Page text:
Revisiting INR Targets Prior to THA

In March 2019, OrthoBuzz covered a JBJS study by Rudasill et al. that found a progressively increasing risk of bleeding requiring transfusion among total knee arthroplasty (TKA) patients who had a preoperative International Normalized Ratio (INR) >1. (INR is a standardized measure of how long it takes blood to clot—the higher the number, the longer the clotting time.) These authors also found a significantly increased risk of infection in TKA patients with INR >1.5. and an increased risk of mortality within 30 days of surgery among those with an INR >1.25 to 1.5.

In the January 2, 2020 issue of JBJS, the same team of researchers report findings from a similarly designed NSQIP-based study of patients undergoing total hip arthroplasty (THA). The authors evaluated data from >17,500 patients who underwent a primary THA between 2005 and 2016 and who also had an INR value documented within 2 days prior to joint replacement. Rudasill et al. stratified these patients into 4 groups based on preoperative INRs: ≤1, >1 to <1.25, 1.25 to <1.5, and ≥1.5).

After adjustment, the authors found a significant, independent effect between increased preoperative INR and increased bleeding requiring transfusion and mortality. Specifically, bleeding risk became evident at INR ≥1.25, and patients with INR ≥1.5 were at a significantly increased risk of mortality. The length of hospital stay also increased significantly as INR class increased.

The authors suggest that “current INR targeting [INR <1.5 for elective orthopaedic surgery] may not be strict enough to minimize adverse outcomes for patients undergoing primary total hip arthroplasty.” While admitting that these findings are not likely to change the day-to-day practice of orthopaedic surgeons, the authors say they “may influence preoperative risk stratification for those patients with elevated INR.”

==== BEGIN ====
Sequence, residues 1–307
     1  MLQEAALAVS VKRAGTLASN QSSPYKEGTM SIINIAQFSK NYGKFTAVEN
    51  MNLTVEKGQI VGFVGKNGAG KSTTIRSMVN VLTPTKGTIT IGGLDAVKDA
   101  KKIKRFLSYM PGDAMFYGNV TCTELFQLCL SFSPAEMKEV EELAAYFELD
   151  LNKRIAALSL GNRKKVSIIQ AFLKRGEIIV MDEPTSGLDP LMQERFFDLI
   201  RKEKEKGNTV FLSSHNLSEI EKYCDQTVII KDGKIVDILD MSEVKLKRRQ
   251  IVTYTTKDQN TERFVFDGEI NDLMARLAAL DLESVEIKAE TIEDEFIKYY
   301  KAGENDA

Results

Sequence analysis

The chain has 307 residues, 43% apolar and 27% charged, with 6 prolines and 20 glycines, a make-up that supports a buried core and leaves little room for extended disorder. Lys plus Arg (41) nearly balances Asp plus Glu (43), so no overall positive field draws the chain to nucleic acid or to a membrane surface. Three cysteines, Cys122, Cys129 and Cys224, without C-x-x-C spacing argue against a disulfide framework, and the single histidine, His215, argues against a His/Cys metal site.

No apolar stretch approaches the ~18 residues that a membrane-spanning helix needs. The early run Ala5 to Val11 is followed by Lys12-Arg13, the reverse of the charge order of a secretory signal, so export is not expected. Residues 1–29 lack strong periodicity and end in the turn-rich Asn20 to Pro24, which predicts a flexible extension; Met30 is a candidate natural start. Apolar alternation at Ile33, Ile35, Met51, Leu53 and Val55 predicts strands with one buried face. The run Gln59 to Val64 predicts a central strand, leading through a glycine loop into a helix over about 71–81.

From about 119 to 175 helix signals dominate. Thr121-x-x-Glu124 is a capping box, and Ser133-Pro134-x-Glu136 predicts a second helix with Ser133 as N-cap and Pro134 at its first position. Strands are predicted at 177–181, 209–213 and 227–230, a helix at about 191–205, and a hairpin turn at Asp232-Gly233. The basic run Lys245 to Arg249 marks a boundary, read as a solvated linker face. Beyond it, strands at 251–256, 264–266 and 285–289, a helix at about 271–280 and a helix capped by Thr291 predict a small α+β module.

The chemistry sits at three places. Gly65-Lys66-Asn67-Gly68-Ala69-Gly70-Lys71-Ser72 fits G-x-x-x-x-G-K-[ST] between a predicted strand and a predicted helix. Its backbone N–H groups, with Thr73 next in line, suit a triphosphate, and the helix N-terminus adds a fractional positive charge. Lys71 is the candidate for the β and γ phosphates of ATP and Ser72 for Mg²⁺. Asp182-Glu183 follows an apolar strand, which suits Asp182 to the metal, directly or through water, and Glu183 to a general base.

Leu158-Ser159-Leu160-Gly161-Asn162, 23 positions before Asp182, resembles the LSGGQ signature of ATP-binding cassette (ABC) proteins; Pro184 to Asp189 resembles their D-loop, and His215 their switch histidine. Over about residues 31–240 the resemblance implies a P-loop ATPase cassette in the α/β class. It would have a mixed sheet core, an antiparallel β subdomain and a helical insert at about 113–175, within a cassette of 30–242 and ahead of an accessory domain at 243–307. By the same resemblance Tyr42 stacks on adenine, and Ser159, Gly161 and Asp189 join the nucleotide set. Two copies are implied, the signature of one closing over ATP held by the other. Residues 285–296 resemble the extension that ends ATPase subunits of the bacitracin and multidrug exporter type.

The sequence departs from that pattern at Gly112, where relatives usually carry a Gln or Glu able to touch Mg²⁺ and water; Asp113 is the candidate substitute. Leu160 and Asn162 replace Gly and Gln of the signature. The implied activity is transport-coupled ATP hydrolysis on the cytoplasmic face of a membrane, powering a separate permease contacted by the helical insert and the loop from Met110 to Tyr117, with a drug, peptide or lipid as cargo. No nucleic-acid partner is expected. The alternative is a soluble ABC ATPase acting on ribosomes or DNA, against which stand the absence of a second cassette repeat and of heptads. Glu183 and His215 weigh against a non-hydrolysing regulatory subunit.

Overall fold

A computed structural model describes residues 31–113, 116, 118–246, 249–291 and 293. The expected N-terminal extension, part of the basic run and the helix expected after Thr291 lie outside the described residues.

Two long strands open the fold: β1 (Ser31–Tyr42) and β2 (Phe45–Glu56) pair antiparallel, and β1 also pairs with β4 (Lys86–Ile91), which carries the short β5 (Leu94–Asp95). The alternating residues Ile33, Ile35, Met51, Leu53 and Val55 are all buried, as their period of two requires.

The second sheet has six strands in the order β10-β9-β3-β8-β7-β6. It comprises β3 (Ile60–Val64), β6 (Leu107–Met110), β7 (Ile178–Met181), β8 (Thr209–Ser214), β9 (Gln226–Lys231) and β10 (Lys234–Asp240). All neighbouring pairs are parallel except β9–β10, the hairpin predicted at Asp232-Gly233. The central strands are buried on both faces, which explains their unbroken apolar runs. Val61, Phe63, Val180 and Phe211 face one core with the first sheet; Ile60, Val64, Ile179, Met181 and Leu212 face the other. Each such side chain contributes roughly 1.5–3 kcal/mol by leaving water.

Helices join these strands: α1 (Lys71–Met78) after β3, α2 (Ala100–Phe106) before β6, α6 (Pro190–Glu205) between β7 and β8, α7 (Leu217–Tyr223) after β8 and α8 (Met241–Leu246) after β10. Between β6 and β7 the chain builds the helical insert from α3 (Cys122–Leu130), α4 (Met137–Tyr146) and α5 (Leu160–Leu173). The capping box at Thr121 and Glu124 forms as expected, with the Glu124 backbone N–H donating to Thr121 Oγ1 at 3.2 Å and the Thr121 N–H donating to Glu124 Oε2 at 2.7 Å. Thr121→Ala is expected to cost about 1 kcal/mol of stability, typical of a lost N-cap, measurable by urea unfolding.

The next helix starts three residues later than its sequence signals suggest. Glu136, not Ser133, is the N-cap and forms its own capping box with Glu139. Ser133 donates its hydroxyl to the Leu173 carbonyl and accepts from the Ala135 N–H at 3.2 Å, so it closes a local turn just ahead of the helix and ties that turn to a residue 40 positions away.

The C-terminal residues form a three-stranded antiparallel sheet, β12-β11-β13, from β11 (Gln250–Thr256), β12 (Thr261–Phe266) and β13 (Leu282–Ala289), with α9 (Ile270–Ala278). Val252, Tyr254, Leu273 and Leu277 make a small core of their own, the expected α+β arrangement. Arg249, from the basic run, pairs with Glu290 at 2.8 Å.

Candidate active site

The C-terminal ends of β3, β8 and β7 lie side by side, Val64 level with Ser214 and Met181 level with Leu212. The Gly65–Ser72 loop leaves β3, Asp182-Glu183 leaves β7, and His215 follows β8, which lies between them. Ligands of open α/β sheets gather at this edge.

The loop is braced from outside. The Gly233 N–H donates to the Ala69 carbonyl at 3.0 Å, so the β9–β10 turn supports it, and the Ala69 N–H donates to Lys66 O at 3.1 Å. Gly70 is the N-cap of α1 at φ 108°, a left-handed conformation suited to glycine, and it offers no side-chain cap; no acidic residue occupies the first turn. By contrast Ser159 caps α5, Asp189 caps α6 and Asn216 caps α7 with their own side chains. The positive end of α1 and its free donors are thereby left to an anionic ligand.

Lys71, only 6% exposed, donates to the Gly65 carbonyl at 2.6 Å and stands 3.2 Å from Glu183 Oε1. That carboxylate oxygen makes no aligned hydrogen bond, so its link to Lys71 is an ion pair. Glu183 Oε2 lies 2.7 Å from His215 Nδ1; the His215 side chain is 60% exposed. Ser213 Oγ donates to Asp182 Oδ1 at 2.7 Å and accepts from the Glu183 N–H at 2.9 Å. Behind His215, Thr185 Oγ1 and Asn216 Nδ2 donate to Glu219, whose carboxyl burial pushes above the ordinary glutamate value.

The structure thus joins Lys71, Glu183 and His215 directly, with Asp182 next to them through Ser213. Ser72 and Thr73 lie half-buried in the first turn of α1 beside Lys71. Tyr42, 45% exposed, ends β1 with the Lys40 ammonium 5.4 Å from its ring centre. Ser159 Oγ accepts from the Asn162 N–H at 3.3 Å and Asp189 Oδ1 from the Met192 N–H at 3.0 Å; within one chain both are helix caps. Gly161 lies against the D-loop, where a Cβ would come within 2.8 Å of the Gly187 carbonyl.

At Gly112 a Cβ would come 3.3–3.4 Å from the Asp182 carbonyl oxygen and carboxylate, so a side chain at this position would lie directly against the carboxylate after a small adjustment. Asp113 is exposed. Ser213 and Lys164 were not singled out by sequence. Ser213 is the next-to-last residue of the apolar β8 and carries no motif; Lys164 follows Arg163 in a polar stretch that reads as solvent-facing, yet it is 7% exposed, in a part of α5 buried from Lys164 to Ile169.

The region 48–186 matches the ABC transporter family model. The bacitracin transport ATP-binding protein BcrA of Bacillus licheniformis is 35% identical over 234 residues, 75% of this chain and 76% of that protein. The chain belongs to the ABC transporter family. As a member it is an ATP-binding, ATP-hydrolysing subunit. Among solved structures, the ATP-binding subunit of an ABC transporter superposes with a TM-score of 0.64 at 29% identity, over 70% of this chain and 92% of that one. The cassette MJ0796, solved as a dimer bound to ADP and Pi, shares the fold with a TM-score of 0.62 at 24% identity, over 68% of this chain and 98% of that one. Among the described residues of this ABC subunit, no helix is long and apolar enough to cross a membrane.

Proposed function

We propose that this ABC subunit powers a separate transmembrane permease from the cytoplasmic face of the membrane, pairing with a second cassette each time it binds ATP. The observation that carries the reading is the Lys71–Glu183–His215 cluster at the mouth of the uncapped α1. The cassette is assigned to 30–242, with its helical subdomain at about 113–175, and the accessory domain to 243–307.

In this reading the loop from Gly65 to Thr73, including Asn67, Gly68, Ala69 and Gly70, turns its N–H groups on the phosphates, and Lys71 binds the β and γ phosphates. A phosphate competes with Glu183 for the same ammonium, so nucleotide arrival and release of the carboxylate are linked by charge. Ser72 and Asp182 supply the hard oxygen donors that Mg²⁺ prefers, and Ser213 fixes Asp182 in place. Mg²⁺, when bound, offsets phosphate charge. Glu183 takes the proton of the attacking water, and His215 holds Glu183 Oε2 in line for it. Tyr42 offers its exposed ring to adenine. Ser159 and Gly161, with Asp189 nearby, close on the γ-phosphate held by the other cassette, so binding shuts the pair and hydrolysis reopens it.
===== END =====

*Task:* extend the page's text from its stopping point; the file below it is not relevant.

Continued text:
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One response to “Revisiting INR Targets Prior to THA”

  1. Shyan Goh says :

    Big data is increasingly important in identifying real-world outcomes of an intervention or risk factor beyond the Phase III clinical trials, with their restricted and highly defined study population. The ACS National Surgical Quality Improvement Program (NSQIP) database offers a unique opportunity to review outcomes during post-marketing surveillance and to identify new phenomena and challenge common assumptions. A highly relevant and practical use of NSQIP is its Surgical Risk Calculator (https://riskcalculator.facs.org/RiskCalculator/), which can help with surgical risk assessment and discussions during the consent process as well as decision making during patient optimisation.

    Rudasill et al. use the same NSQIP database to challenge the conventional idea that a target INR of <1.5 is adequate to reduce risks from “warfarinisation.” They concluded that "preoperative INR of 1.25 to <1.5 and INR [greater than or equal to] 1.5 were associated with significantly increased bleeding necessitating transfusion following primary total hip arthroplasty, compared with patients with INR [less than 1.0].”

    There are significant flaws related to this study. Specifically, the authors fail to account for the patient who requires bridging anticoagulation when ceasing warfarin dosing to allow a much faster drug washout time before surgery. Bridging often entails use of low molecular weight heparin (LMWH) within 12 to 24 hours of surgery or unfractionated heparin (UH) infusion within 6 hours.

    Both LMWH and UH can increase INR and could result in readings close to INR of 1.5 during bridging anticoagulation, even when warfarin is no longer bioavailable in the body. This may confound an assumption that INR of >1.0 means the prevailing warfarin in blood is the cause of this result.

    Why does it matter what is causing INR >1.0? It is possible that LMWH and UH may have far higher activity in soft tissues than is reflected by INR results (particularly when relying on the presumed drug half-life for washout of anticoagulation activity) and hence result in higher-than-expected chances of bleeding and associated complications. Another consideration: patients who require bridging anticoagulation often have high CHADS2 scores or a high risk of recurrent thromboembolism (including venous thrombosis and pulmonary embolism), which could have contributed to the adverse outcomes in this study.

    The study of INR in surgical patients is far more complex than assumed, and due diligence should be made when formulating future research.

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